Democracy and Human Rights
Conceptualization and Measurement of Democracy
Project Leader: Håvard Hegre, University of Oslo
FRISAM Project, funded by the Research Council of Norway
Starting mid-2011, this Oslo-based project will focus on identifying underlying components of democracy and specific institutions within these components. Sabine Carey participates in this project, which seeks to increase theoretical and empirical precision by 1) radically disaggregate the democracy concept, 2) collect information on sub-components, and employ either 3) the sub-components themselves or 4) some theoretically informed aggregation of them in studies of the relationship between democracy and its potential outcomes. More details will be available on the Project Leader’s website.
Application and interpretation of multiple systems estimation methods in human rights research
Anita Gohdes, Daniel Manrique-Vallier and Megan Price. Presented at the Joint Statistical Meetings 2011, July 30 – August 4, 2011, Miami Beach, Florida.
Multiple systems estimation (MSE) methods are often introduced with the classic two-system estimator, using a motivating example from ecology. This estimator relies on four strong assumptions, which are typically then explored and adjusted for with the generalization to three or more systems and a variety of MSE methods and estimators. We find that the implications of violating these four classic assumptions, in particular the homogeneity and independence assumptions, do not translate clearly to the more-than-three-systems case. We use case studies from human rights research to present the subtle ways that misunderstanding these assumptions can lead to misapplication and misinterpretation of MSE methods. Additionally, we examine how MSE methods rely on patterns of inclusion or capture to represent the underlying population of interest even when the individual samples themselves are not representative.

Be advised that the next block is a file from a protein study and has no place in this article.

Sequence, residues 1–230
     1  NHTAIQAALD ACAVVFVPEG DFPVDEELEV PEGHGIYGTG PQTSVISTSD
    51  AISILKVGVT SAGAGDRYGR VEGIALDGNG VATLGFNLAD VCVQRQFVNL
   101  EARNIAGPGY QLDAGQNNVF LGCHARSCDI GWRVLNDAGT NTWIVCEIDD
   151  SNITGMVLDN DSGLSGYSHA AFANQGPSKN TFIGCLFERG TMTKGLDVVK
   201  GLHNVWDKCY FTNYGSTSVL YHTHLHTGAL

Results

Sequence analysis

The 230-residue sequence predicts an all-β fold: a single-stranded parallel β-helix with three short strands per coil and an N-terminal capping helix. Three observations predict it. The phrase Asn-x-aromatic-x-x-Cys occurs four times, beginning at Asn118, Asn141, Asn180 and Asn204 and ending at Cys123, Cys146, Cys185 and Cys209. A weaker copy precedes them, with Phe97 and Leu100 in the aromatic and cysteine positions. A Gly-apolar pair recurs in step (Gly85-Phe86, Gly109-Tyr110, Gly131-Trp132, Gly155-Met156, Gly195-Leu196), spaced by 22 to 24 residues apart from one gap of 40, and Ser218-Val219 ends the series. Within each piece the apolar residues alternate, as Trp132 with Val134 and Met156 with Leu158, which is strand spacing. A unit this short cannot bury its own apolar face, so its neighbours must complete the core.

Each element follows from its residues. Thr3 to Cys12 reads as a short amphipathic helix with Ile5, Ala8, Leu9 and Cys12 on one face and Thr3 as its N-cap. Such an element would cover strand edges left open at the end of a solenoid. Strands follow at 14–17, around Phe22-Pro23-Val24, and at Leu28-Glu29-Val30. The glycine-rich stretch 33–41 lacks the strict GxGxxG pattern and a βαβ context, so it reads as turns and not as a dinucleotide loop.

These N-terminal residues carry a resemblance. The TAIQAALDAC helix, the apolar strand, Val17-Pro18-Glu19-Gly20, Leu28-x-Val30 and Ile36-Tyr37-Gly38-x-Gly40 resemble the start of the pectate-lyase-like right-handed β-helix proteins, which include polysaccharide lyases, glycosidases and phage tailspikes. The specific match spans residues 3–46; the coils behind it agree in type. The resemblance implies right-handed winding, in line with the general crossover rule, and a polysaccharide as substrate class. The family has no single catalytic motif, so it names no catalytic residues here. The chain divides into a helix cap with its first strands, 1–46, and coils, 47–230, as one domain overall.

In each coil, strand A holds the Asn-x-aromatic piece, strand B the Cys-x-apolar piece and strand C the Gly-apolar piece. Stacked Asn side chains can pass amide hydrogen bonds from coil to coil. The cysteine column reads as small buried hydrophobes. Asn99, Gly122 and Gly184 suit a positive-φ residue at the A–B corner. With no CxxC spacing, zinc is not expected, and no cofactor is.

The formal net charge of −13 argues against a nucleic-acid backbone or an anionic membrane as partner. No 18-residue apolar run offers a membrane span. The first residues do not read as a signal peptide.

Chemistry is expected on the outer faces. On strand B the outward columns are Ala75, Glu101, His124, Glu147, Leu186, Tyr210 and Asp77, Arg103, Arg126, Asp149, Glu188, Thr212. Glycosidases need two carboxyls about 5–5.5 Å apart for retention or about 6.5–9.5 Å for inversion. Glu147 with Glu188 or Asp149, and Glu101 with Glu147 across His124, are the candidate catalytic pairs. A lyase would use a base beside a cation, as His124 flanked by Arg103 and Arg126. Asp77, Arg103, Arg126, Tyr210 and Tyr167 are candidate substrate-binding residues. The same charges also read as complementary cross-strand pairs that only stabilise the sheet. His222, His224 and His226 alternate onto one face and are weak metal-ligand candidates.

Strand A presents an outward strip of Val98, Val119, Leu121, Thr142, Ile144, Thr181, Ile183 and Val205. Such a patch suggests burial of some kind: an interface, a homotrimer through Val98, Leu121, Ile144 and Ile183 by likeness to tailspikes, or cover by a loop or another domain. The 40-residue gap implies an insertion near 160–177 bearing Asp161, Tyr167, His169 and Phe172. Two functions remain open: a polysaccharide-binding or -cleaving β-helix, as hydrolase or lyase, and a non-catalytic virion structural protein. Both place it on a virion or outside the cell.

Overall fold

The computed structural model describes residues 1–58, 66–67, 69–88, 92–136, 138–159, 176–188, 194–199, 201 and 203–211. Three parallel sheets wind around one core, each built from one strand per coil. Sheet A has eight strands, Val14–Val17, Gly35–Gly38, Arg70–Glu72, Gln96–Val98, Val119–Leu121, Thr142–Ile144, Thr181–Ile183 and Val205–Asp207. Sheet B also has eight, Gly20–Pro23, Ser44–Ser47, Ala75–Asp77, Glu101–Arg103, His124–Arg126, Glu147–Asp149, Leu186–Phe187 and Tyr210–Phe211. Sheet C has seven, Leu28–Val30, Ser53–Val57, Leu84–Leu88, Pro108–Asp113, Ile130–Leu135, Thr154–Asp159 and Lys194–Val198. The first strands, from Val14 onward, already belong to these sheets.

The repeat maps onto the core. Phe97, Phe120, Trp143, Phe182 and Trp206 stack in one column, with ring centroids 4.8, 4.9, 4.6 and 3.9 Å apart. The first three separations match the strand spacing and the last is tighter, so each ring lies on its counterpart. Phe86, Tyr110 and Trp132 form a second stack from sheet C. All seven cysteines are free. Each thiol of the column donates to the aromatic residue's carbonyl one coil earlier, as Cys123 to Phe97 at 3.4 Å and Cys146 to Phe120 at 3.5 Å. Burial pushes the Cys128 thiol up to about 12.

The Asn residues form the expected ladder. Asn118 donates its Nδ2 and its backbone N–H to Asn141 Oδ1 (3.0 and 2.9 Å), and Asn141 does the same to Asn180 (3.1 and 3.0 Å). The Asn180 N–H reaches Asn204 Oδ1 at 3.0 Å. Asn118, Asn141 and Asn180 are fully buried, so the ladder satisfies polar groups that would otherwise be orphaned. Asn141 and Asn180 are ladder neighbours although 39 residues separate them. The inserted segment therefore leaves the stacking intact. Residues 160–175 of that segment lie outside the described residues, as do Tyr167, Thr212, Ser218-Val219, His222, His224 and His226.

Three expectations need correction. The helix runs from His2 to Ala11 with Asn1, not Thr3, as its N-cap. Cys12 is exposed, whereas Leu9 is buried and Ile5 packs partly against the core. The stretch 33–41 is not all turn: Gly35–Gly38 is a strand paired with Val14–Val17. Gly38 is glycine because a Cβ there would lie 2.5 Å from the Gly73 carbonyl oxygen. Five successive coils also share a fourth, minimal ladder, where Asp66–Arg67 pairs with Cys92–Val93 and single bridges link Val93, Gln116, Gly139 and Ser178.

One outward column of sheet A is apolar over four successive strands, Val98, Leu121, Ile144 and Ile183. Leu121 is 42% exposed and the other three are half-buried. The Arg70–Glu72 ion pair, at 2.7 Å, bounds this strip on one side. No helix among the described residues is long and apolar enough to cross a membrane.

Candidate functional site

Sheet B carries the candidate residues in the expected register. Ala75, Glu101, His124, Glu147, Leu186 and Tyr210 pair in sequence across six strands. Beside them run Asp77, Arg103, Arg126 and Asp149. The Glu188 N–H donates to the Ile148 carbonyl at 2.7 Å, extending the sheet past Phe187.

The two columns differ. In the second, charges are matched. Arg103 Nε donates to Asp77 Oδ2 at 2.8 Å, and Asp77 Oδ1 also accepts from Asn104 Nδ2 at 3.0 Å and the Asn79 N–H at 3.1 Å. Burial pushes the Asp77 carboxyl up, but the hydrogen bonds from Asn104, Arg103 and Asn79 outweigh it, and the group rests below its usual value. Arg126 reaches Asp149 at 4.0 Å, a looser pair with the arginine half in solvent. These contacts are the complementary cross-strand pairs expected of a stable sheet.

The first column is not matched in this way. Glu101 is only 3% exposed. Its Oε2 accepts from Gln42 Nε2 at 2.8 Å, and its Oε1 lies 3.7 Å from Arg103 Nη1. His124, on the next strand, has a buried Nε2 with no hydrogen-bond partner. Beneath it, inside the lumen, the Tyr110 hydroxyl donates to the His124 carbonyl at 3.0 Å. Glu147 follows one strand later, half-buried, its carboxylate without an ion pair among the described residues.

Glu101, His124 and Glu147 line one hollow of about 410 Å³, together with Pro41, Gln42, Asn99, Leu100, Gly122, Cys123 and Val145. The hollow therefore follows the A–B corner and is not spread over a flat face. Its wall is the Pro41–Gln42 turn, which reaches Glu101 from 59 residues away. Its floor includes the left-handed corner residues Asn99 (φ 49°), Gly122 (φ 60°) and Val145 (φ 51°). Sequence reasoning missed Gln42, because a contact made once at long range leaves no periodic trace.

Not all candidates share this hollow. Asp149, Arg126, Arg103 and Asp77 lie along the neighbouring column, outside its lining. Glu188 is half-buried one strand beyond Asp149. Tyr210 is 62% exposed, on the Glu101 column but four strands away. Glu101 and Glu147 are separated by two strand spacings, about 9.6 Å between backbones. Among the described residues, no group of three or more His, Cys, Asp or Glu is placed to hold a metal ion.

Maiming the Movement: The effect of violence on Peruvian electoral politics
Anita Gohdes and Johanna K. Birnir. Presented at Conference on improving analysis of political violence through collaboration with human rights organizations, Kroc Institute, University of Notre Dame, 6-8 July, 2011.
This paper is interested in the effect of violence on electoral outcomes in countries that are affected by armed internal conflicts. We argue that one testable political implication is that where the government controls territory, parties perceived to be associated with the rebel group are systematically punished in areas where the rebels perpetrate the worst violence against the civilian population. We test our hypothesis for the case of Peru, using official electoral data from every area that was government controlled. In order to address the bigger challenge of obtaining reliable data on violent incidents we make use of three independent datasets that are combined with capture-recapture techniques to estimate more reliable numbers of those killed and disappeared in the twenty-year long conflict.
Relativizing human rights: A new system for country ranking
Forthcoming. Todd Landman, David Kernohan and Anita Gohdes ‘Relativizing Human Rights’, Journal of Human Rights.